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RDS changes: your questions answered

On Tuesday 31 March changes will be made to the way you listen to BBC Local Radio on an RDS radio. You'll find answers to some frequently asked questions here.

What’s happening to my BBC Local Radio station?

If you have an RDS radio and your BBC Local Radio station stored as a preset, then on the morning of Tuesday 31 March you'll need to manually tune to the station again by finding the right frequency and re-saving it as a preset.

If you don't, some RDS radios may display an error message or tune to a different station.  You can find frequency information for your BBC Local Radio station by clicking on the link in the top-right corner of this page.

Are you changing the frequencies, then?

No.  The frequencies and transmitters stay as they are at the moment.  The only change is to the bit of RDS information which tells your radio what service it is tuned to.  So if you tune by finding the frequency, you're not affected at all.

Why are you doing this?

We're changing the way that the RDS information is sent.  At the moment, BBC Local Radio stations are grouped into rather large families and most RDS radios tune seamlessly between them.

This is great if you're travelling a long way and want to listen to BBC Local Radio all the way.  But we know many people find this means they can't always stay with the station they want to listen to without the radio re-tuning to something else.  What we're doing is breaking the groups up so your radio should now stick with your choice of BBC Local Radio station and shouldn't re-tune to anything else.

What is RDS?  Is it the same as digital?

RDS is the radio data system, a technology invented in the late 1980s which allows some data to be broadcast alongside an FM radio station.  This data is used to display the station name, to re-tune between transmitters for the station, and flag up travel bulletins.

It’s not the same as DAB digital radio, which is an entirely different type of transmission.  Digital radio offers crackle-free reception and a much wider range of services.

However, because all RDS radios have a display of some sort, some of the very oldest have the word 'digital' printed on the case which can be a bit confusing – but this is just referring to the display, not to the way it receives radio services.

I don't know if have an RDS radio.  How do I check?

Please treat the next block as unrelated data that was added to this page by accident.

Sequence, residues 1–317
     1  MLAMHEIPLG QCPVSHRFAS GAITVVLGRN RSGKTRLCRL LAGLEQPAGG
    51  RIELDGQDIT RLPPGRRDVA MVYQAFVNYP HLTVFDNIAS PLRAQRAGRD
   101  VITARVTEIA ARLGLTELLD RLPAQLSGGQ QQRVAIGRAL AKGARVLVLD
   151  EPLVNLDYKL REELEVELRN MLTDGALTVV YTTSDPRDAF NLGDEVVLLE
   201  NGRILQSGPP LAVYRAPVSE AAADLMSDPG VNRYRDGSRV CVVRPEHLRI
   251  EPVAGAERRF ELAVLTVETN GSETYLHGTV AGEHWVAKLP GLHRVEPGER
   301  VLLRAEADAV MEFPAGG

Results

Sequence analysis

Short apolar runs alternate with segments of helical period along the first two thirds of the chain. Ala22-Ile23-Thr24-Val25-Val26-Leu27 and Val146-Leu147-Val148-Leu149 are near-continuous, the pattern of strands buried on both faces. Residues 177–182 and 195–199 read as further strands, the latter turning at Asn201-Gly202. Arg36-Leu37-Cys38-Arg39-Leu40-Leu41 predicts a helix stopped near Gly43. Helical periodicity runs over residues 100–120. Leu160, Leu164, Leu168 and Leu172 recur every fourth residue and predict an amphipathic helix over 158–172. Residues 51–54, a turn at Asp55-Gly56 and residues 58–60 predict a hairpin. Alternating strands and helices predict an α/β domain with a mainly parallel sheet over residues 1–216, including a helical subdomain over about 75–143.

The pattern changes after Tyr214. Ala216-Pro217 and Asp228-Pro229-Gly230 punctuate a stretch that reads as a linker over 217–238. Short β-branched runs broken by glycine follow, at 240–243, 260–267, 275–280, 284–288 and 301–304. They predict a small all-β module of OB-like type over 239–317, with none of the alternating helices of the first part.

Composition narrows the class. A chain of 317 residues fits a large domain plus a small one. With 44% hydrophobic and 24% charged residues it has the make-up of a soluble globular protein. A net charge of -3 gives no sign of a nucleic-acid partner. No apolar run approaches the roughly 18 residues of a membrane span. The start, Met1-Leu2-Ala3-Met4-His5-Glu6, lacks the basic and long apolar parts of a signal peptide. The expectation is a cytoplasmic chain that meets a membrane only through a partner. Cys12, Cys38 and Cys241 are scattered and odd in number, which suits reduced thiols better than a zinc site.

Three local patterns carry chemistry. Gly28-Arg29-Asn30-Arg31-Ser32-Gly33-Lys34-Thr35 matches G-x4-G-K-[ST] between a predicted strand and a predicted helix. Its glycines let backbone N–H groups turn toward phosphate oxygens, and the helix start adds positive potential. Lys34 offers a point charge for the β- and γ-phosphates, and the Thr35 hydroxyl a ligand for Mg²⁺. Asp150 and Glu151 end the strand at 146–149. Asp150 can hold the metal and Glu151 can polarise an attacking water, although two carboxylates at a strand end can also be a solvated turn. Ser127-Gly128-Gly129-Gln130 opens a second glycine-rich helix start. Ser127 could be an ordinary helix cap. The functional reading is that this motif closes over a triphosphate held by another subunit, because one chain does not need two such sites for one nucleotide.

The simplest way is to think how you tune to the radio.  If you have to remember to go to a particular frequency on FM when you tune in, then you almost certainly haven't got an RDS radio.  If you tune by pressing a numbered button - and the radio displays the name of the station when tuned in - then you have an RDS radio.

Almost every car radio is an RDS radio and increasingly new radios for the home have RDS in them as well.  If you have a dual-band FM and DAB digital radio receiver, then it is likely to use RDS on FM as well.

Most RDS radios show the RDS logo somewhere: either on the case or display, or in the packaging or manual.  Look for a pair of intersecting circles, shaped like an eight on its side.

Do I need to re-tune before Tuesday 31 March?

No.  The new information will only be being broadcast from the morning of 31 March, so if you re-tune before then, you'll have to re-tune again.  It should be as simple as when you switch your radio on in the morning, you'll just need to go to the frequency and re-store it.

I don't know how to re-store the presets on my radio.  Can you help?

For many – but not all radios – storing a preset is as simple as pressing and holding the button you want it to be on.  Other radios need you to press a 'preset' button first.  As there are so many different types of radio, we're afraid it's not possible to offer individual assistance.  If you get stuck, your best option is to consult your radio's manual.

I've tried re-storing my preset but it doesn't seem to have taken effect.  What now?

We know some radios in some makes of cars – particularly, in our experience, Peugeots – need to have the preset entirely cleared before they'll store the new information correctly.

The trick is to store something else in the preset first.  So, for example, store BBC Radio 2 (on FM between 88 and 91) into the preset, and then immediately find your BBC Local Radio station and store that again into the same preset.

I haven't got an RDS radio; am I affected?

No – this will have no effect on you.

I listen on DAB digital radio, on medium wave, or on cable; am I affected?

No – this will have no effect on you.

I listen to a booster transmitter in my local area; am I affected?

Yes – if you're listening on FM using an RDS radio, then you're affected, no matter which frequency you usually use to listen to your BBC Local Radio station.

Are you changing the station?  Are the presenters going to change?

No.  All we're doing is making a slight modification to the RDS information – everything else is staying just as it is at the moment.

Does this mean that the travel bulletins from BBC Local Radio won't interrupt the national radio stations any more?

No.  There’s no change being made to the way that travel bulletins are signalled.

I can't get my choice of BBC Local Radio station where I live / my coverage isn't very good – will this sort things out?

No, we're afraid not.  We're not making any changes to the location of the transmitters or the coverage they provide at this time.  This change is just to the RDS information that's transmitted alongside the signal; it doesn't change the signal itself.

You can always find your BBC Local Radio station live on the internet:

last updated: 23/03/2009 at 14:05
created: 19/03/2009

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